“We teach interns how to be resourceful and find themselves in the organization,” says Lowery.

When interns can bring business to the magazine, the magazine will bring business to them. Special assignment opportunities are available for interns who finish their program and are still looking to remain involved. Lowery says that while the magazine is specifically looking to groom editors, that if a publication wants to really pop, then they have to have a revolving door.

When asked what goals he has for the future of 360 Magazine, Lowery responded that he aims to keep it three dimensional with podcasts and web series.

“I want to be able to put the brand out to different countries and places in America,” says Lowery, Local presences would strengthen us.”

He also says that he’s interested in the possibility of a reality spin off or docu-series, as well as introducing more formal programs for educational purposes.

VAUGHN LOWERY:
360 Magazine
LinkedIn
Joe boxer TV Appearance
America’s Next Top Model Appearance
Sundance Film Trailer Appearance

Vaughn Lowery, art, 360 magazine, design, entertainer, Male model

Azuri Technologies X Energise Africa Launch UK Crowd Campaign

Azuri Technologies, a leader in pay-as-you-go solar in Africa and crowdfunding platform Energise Africa today announced the latest phase of debt financing from UK impact investors to deliver affordable, clean energy and help solve the energy crisis in sub-Saharan Africa.

The Azuri and Energise Africa collaboration plans to raise £2.5 million for pay-as-you-go-solar and help more than 100,000 off-grid people in Sub-Saharan Africa access clean, affordable energy.

The investment will support low-income families in Kenya, Nigeria, Uganda, Zambia and Tanzania.

More than 600 million people across Africa live without access to electricity – limiting their life chances of achieving economic prosperity and improved quality of life. Universal access to affordable, reliable and modern energy services is one of the United Nation’s Sustainable Development Goals and can only be met with access to sufficient investment.

Crowdfunding has emerged as a powerful way of financing the off-grid solar industry and is leading the way in increasing investor interest in the market.

Through Energise Africa, individuals in the UK can invest from as little as £50 in bonds, issued by solar businesses, to provide clean and affordable energy access, while targeting annual returns of 6%. Capital is at risk and returns are not guaranteed.

Azuri is a leader in pay-as-you-go solar technology and since 2012 has been supplying affordable solar home systems and products to the millions across Africa living off-grid without access to mains electricity.

In 2018, Azuri and Energise Africa raised £1.7 million from hundreds of UK investors to deliver clean, affordable energy products to more than 16,000 families in sub-Saharan Africa.

Simon Bransfield-Garth, CEO of Azuri said: “Azuri is delighted to extend our partnership with Energise Africa and their community of UK-based retail investors to finance off-grid solar projects. With this innovative financing, thousands more households will be able to access modern solar energy for the first time.”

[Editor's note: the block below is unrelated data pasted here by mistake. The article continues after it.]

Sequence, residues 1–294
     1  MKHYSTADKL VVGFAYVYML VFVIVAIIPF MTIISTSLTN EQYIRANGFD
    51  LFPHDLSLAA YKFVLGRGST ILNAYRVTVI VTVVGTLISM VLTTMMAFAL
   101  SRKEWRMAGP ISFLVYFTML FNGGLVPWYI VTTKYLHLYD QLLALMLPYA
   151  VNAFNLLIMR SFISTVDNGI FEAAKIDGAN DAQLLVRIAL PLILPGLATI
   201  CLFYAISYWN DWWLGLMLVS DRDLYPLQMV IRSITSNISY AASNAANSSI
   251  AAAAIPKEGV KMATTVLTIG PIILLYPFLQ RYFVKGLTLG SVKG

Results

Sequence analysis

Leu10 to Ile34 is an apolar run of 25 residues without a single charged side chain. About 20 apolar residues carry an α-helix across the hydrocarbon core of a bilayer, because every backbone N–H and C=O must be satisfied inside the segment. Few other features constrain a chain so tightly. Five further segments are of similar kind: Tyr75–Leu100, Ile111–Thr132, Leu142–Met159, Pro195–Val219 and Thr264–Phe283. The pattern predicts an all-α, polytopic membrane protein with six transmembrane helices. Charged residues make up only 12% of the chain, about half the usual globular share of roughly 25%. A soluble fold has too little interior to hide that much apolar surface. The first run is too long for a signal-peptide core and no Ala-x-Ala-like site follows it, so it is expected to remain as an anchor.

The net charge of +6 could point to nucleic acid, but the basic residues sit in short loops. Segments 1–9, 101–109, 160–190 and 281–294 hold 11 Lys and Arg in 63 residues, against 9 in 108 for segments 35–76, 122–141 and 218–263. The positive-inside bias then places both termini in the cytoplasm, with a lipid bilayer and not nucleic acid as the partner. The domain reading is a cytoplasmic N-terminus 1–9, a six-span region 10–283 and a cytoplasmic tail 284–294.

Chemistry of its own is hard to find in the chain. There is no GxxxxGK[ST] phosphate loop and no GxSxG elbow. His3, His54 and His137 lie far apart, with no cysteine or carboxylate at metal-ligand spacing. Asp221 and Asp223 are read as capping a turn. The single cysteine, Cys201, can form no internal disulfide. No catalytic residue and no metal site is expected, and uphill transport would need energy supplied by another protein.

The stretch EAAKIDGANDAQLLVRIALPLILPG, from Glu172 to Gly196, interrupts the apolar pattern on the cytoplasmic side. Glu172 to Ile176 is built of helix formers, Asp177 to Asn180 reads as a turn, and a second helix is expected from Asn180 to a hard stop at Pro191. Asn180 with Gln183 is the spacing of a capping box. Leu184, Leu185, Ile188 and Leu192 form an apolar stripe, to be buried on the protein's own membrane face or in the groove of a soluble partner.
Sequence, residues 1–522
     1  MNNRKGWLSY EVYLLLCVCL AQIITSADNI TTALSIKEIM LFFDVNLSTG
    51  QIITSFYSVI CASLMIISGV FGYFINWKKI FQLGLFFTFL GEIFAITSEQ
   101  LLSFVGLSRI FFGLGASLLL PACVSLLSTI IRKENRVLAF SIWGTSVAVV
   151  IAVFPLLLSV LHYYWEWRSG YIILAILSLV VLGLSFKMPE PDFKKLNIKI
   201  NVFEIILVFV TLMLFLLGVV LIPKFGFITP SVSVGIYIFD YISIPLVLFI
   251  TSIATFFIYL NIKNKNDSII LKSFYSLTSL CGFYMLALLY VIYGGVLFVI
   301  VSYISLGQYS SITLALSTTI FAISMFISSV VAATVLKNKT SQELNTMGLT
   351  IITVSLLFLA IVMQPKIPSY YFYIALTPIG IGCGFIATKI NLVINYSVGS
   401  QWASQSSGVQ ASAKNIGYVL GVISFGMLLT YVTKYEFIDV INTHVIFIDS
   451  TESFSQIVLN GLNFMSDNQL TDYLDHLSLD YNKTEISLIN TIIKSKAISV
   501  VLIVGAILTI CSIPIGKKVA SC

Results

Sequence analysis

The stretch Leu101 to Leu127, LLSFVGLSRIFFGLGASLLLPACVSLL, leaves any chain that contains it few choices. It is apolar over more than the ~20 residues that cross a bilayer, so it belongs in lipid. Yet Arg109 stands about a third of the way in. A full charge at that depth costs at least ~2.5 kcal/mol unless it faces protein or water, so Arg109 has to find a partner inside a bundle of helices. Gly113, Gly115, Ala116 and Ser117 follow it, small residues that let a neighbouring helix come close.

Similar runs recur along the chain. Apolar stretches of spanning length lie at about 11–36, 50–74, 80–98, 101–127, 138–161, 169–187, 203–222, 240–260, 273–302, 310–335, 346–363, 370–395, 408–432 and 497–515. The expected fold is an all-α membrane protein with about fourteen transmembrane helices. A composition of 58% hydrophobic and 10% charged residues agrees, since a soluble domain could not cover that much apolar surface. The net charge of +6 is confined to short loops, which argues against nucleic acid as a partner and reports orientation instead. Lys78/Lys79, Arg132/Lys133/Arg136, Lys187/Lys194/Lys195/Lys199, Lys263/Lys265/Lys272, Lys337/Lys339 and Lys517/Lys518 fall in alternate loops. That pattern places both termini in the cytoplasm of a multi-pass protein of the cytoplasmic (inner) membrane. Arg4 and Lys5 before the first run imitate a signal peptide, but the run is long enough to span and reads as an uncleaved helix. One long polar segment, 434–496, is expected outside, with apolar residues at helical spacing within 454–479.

Lisa Ashford, Managing Director Energise Africa said: “Through Energise Africa, we are committed to providing UK based people with easily accessible opportunities to invest directly in sustainable businesses that can tackle climate change, create long-term social and environmental impact, and also deliver a potential financial return. We’re looking forward to the prospect of working with Azuri Technologies again to help accelerate the achievement of UN SDG 7.

Energise Africa has been developed by Ethex and Lendahand – two of Europe’s leading impact investing companies and is also supported by UK aid, Virgin Unite, Good Energies Foundation and P4G.

Over the past 20 months the Energise Africa community of investors has generated over £7.57 million for 12 solar businesses to provide 312,000 people in 10 African countries with access to clean energy, which has prevented almost 70,000 tonnes of CO2 emissions entering the atmosphere annually and also repaid almost £1.8 million back to investors.

Investing in Energise Africa projects via the www.energiseafrica.co.uk site involves risk, including the loss of all of your invested capital, illiquidity (the inability to sell assets quickly or without substantial loss in value), and it should be done only as part of a diversified portfolio.

The investment opportunities on www.energiseafrica.co.uk are not an offer to the public in any jurisdiction and are available only to registered members of the platform who have certified that they are eligible to invest. Any person who is not resident in the United Kingdom who wishes to view these investment opportunities must first satisfy themselves that they are eligible to do so under the securities laws and regulations applicable to them. This site does not constitute an offer of, or the solicitation of an offer to buy or subscribe for, any securities to any person in any jurisdiction to whom or in which such offer or solicitation would be unlawful.

In respect of its regulated activities, Lendahand Ethex Ltd is an appointed representative of Share In Limited, which is authorised and regulated by the Financial Conduct Authority (FRN 603332).